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Wi-fi devices to call doctors

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Bluetooth has revolutionised the way people communicate. The technology that permits you to use a hands-free device while making calls from mobile can also act as a lifesaver by dialling for your doctor in case of an emergency.

Ofcom, the British communications regulator, predicts in its report "Tomorrow's Wireless World", that sensors could be implanted into people at risk of heart attack or diabetic collapse that would allow doctors to monitor them remotely.

If the "in-body network" recorded that the person had suddenly collapsed, it would send an alert, via a nearby base station at their home, to a surgery or hospital. However, Ofcom also gave warning that the impact of such technology on personal privacy would require more debate, reports the Times.

Not only in case of emergencies, the technology, which is being tested now in Portsmouth, could also be used if a patient failed to take his or her medicines. A pill dispenser would send an automatic reminder and, if the pills were not taken within a certain time, an alarm would sound and a message would be sent to the patient's family or carers.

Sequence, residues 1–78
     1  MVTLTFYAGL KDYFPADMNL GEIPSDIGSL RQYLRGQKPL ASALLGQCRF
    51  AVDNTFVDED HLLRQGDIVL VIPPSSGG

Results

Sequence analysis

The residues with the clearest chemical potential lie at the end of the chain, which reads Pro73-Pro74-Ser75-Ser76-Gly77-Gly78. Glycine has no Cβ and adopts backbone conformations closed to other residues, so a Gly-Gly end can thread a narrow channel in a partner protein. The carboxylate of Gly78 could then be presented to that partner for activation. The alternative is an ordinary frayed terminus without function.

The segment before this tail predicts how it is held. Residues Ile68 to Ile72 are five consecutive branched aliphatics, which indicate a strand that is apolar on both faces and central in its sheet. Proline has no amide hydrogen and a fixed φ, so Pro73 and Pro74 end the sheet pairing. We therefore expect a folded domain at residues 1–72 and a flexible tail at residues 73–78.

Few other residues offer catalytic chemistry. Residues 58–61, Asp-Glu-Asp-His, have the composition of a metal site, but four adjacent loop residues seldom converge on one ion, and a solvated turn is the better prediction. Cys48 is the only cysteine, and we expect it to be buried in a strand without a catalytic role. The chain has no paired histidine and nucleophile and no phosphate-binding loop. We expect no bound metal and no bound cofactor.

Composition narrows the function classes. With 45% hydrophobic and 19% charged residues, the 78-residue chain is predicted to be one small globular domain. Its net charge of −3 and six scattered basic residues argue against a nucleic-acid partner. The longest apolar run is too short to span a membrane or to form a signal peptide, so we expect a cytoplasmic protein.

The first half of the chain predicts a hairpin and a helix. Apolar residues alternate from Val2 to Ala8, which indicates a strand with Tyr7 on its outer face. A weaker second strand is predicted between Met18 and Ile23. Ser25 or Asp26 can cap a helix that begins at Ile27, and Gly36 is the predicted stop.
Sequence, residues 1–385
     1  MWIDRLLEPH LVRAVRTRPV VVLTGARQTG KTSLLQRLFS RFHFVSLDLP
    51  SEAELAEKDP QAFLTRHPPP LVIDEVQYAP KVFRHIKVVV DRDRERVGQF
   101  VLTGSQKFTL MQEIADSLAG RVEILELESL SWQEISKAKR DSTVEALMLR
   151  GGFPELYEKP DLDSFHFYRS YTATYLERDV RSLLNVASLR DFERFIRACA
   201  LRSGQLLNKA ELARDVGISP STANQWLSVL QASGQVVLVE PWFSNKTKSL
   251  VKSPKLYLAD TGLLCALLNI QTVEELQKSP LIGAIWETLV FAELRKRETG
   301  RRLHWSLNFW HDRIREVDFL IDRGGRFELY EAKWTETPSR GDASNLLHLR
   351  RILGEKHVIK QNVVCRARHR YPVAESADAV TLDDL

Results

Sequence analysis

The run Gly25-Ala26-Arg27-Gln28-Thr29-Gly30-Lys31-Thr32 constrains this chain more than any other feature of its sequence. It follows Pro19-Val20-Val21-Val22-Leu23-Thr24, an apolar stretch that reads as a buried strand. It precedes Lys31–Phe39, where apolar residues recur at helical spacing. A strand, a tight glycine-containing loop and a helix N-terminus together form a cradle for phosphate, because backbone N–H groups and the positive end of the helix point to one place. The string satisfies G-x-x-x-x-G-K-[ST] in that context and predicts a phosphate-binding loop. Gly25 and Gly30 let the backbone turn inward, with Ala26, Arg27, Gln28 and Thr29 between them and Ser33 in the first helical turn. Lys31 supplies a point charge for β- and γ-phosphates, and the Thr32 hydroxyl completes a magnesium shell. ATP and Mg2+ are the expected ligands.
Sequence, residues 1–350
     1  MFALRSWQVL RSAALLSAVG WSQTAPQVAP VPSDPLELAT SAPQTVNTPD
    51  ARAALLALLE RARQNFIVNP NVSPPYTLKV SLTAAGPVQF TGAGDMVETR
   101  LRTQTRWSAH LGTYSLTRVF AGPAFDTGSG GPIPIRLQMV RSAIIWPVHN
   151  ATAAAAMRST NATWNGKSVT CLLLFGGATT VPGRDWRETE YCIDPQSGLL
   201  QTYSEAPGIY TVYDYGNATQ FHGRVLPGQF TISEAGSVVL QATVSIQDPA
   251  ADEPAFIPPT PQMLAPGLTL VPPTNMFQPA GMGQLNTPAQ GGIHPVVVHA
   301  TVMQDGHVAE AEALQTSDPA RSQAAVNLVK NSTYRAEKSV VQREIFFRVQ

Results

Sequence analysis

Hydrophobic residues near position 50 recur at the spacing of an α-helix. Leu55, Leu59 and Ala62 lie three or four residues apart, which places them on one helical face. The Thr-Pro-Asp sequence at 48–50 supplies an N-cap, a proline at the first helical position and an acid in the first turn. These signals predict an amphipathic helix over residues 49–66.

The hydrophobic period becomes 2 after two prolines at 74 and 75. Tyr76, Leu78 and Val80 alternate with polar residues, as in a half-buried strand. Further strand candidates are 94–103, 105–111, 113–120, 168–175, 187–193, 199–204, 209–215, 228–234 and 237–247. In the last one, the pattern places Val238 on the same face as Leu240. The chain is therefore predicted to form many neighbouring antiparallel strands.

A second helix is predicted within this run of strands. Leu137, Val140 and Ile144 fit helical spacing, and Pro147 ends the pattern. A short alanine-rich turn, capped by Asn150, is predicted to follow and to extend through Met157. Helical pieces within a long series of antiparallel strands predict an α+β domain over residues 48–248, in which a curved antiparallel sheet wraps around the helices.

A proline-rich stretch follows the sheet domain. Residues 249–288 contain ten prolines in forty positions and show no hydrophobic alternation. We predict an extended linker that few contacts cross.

However, health experts say that they are sceptical about the level of take-up of "in-body" sensors while research into the possible radiation impact of wi-fi networks is going on.

The Ofcom report also said that advances in GPS positioning and short-range wireless technologies could "revolutionise the way we conduct our journeys and safety levels on the roads".

Intelligent transport systems being developed by car manufacturers allowed cars to communicate with each other and send alerts about sudden braking.

If a collision happened the car's system could automatically call the emergency services. The technology could also apply the brakes automati-cally if it was determined that two cars were getting too close to each other.

Paramedics attending the scene of an accident would carry a small computer that would pick up wireless messages from a bracelet incorporated in the driver's watch. These would enable them to gain access to information about the person's medical history, boosting his chances of survival.

Source: Times Of India


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